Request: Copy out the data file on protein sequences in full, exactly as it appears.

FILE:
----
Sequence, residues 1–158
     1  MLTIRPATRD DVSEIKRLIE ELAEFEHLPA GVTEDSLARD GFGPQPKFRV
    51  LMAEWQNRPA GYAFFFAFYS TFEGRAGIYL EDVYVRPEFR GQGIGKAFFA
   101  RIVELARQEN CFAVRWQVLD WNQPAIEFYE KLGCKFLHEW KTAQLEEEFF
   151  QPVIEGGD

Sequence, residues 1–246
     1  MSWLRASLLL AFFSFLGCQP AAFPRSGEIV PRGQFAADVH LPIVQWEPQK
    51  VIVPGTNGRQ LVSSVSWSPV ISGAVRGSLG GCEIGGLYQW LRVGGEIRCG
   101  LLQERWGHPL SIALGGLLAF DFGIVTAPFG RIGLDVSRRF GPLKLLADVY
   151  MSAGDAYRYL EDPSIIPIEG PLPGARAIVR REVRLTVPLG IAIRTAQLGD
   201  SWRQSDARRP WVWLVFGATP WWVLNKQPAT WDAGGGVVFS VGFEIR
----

Sequence, residues 1–158
     1  MLTIRPATRD DVSEIKRLIE ELAEFEHLPA GVTEDSLARD GFGPQPKFRV
    51  LMAEWQNRPA GYAFFFAFYS TFEGRAGIYL EDVYVRPEFR GQGIGKAFFA
   101  RIVELARQEN CFAVRWQVLD WNQPAIEFYE KLGCKFLHEW KTAQLEEEFF
   151  QPVIEGGD

Sequence, residues 1–246
     1  MSWLRASLLL AFFSFLGCQP AAFPRSGEIV PRGQFAADVH LPIVQWEPQK
    51  VIVPGTNGRQ LVSSVSWSPV ISGAVRGSLG GCEIGGLYQW LRVGGEIRCG
   101  LLQERWGHPL SIALGGLLAF DFGIVTAPFG RIGLDVSRRF GPLKLLADVY
   151  MSAGDAYRYL EDPSIIPIEG PLPGARAIVR REVRLTVPLG IAIRTAQLGD
   201  SWRQSDARRP WVWLVFGATP WWVLNKQPAT WDAGGGVVFS VGFEIR